Events in Libya may end up further enflaming such feelings. 
America would be hailed as [a] genuine liberator of long-suffering Libyans if it also intervened in Bahrain and Yemen -- and perhaps Saudi Arabia -- to protect civilians from the ferocity of their despotic governments and promote real democracy. 
But it's only oil-rich Libya that is getting the "humanitarian" treatment from the US and oil-hungry western European former colonial powers. 
A fractured Libya will not only curtail oil exports, it will open the gates to a flood of African emigration to southern Europe. Gaddafi has long been cooperating with France, Italy and Spain to halt the flow of such economic refugees. He now threatens to open the flood gates. There is also a risk that the Libyan conflict could spread into neighboring Mali, Chad, Niger and Sudan.
Turkey has been proposing sensible diplomatic solutions but no one is yet listening to peaceful plans. Once again, the west is gripped by that old crusading fever, a combination of moral outrage at the wickedness of the unspeakable Saracens, combined with a pulsating lust for their riches. 
The question President Obama should be asking himself is: given our $1.4 trillion deficit, can we really afford another little war whose rationale is unclear and outcome uncertain?
As for that outcome, at least from a U.S. point-of-view. . . this, from a March 20th updated AP article taken from the Denver Post:
"No one can say for certain how this change will end, but I do know that change is not something that we should fear. When young people insist that the currents of history are on the move, the burdens of the past can be washed away." Adm. Mike Mullen, chairman of the Joint Chiefs of Staff, was pressed repeatedly during a round of Sunday television interviews to explain the mission's objectives. He said the main goal is to protect civilians from further violence.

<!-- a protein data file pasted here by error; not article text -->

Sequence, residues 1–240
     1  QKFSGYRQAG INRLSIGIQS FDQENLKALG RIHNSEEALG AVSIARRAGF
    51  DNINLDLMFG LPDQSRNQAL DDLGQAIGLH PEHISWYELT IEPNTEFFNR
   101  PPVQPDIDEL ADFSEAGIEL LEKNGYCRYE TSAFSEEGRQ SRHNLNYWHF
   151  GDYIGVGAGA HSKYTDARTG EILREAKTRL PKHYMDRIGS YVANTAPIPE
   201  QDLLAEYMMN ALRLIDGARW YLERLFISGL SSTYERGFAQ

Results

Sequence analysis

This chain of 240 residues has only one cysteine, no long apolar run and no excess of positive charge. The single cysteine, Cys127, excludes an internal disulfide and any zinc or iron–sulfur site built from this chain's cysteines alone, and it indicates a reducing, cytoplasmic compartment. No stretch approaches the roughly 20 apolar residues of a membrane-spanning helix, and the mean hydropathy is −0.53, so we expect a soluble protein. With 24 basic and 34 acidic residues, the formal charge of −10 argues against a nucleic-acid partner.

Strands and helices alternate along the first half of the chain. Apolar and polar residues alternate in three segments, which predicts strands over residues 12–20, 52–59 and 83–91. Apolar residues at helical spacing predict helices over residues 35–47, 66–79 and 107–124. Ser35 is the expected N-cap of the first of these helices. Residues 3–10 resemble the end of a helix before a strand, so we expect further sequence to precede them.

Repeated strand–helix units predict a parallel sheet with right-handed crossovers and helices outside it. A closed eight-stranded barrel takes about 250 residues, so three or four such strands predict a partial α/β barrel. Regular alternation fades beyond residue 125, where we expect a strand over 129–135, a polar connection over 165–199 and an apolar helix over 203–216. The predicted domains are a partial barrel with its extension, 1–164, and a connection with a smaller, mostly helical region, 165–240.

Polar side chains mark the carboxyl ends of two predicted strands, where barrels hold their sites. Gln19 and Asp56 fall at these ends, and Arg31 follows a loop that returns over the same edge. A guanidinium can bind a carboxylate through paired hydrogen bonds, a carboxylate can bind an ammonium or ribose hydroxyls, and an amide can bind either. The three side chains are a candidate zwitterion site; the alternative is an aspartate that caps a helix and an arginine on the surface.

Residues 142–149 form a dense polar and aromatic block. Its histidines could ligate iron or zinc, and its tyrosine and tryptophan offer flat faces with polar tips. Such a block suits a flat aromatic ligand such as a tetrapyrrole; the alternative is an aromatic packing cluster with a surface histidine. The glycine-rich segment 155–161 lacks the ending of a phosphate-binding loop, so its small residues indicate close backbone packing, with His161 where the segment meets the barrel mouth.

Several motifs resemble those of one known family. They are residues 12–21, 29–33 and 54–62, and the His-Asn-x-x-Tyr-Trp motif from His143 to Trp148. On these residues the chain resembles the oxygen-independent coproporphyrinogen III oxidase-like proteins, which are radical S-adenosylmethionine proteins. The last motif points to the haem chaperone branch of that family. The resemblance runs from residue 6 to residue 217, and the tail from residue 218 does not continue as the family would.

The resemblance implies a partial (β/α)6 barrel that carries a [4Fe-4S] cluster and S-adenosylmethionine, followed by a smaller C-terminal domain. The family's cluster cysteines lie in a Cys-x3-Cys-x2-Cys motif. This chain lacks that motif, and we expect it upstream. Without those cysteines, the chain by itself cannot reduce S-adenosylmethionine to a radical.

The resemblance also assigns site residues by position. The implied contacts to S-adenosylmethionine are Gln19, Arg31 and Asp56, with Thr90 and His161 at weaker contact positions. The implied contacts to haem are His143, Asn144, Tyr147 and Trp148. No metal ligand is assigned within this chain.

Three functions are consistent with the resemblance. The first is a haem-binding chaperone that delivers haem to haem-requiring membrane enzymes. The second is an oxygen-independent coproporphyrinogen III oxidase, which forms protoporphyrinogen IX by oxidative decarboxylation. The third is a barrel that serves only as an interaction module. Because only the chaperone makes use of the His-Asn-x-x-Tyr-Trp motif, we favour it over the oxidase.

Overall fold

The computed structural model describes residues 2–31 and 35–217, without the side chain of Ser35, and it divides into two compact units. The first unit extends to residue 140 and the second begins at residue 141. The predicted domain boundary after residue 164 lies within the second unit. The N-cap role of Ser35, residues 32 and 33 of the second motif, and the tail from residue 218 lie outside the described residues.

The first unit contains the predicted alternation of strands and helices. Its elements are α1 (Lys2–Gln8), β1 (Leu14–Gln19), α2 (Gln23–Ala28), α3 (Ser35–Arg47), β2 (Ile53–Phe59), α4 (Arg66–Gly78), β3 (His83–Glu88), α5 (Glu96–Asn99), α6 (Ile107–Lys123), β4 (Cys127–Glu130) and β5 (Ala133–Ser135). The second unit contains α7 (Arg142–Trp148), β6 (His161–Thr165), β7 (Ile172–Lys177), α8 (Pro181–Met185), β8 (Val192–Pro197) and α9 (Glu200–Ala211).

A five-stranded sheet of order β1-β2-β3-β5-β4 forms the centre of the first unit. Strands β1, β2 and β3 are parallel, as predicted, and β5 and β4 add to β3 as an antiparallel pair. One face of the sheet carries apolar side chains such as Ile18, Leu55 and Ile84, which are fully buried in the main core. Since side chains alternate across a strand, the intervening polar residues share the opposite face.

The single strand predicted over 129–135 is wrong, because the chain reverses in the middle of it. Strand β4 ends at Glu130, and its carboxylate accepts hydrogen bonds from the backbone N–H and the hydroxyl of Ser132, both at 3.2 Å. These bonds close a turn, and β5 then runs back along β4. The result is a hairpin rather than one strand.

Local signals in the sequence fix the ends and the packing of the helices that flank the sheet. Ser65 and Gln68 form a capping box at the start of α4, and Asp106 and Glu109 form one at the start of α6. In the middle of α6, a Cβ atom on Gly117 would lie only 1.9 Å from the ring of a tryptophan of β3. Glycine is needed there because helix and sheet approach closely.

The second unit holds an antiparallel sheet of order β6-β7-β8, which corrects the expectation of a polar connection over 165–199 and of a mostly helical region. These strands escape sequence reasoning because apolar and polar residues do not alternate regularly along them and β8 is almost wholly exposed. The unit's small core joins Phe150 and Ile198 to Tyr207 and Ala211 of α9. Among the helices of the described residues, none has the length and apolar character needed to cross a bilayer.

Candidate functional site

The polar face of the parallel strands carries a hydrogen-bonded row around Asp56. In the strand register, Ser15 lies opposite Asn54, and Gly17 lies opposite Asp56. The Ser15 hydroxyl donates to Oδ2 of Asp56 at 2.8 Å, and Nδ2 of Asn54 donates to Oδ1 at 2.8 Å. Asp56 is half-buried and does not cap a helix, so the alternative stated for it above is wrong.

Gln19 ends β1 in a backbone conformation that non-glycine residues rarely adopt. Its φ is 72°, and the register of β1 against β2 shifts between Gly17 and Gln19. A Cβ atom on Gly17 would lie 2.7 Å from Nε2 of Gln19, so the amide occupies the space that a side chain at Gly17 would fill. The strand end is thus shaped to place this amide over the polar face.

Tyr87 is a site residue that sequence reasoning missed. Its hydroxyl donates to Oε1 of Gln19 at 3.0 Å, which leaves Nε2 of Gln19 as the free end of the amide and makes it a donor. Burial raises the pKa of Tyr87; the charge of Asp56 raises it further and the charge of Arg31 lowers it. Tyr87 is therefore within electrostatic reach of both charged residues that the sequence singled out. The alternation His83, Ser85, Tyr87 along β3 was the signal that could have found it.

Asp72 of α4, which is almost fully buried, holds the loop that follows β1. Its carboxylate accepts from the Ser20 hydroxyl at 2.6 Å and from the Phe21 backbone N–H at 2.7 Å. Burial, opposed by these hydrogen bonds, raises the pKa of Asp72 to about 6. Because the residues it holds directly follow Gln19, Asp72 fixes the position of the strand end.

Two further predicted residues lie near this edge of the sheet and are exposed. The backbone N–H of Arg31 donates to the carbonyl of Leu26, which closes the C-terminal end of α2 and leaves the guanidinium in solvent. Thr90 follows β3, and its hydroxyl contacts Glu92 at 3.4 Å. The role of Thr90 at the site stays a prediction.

U.S. Secretary of State Hillary Clinton is welcomed by French President Nicolas Sarkozy before a crisis summit on Libya at Elysee Palace on Saturday. (Franck Prevel, Getty Images Europe)
"I think circumstances will drive where this goes in the future," the admiral said on ABC's "This Week." "I wouldn't speculate in terms of length at this particular point in time." Asked whether it was possible that the military goals might be met without Gadhafi being ousted, Mullen replied, "That's certainly potentially one outcome." He described the Libyan strongman as more isolated than ever, adding that Gadhafi is "going to have to make some choices about his own future" at some point.  
U.S. Secretary of State Hillary Rodham Clinton said that although ousting Gadhafi is not an explicit goal of the campaign, his departure might be hastened as the conflict continues. 
"The opposition is largely led by those who defected from the Gadhafi regime or who formerly served it, and it is certainly to be wished for that there will be even more such defections, that people will put the future of Libya and the interests of the Libyan people above their service to Col. Gadhafi," she said.
So, I guess all that means the questions of what, precisely, we're doing in Libya, and why we're doing it, are still being debated. But that does not take away from the historical symmetry of Libyan bombing, then and now.

No comments:

Post a Comment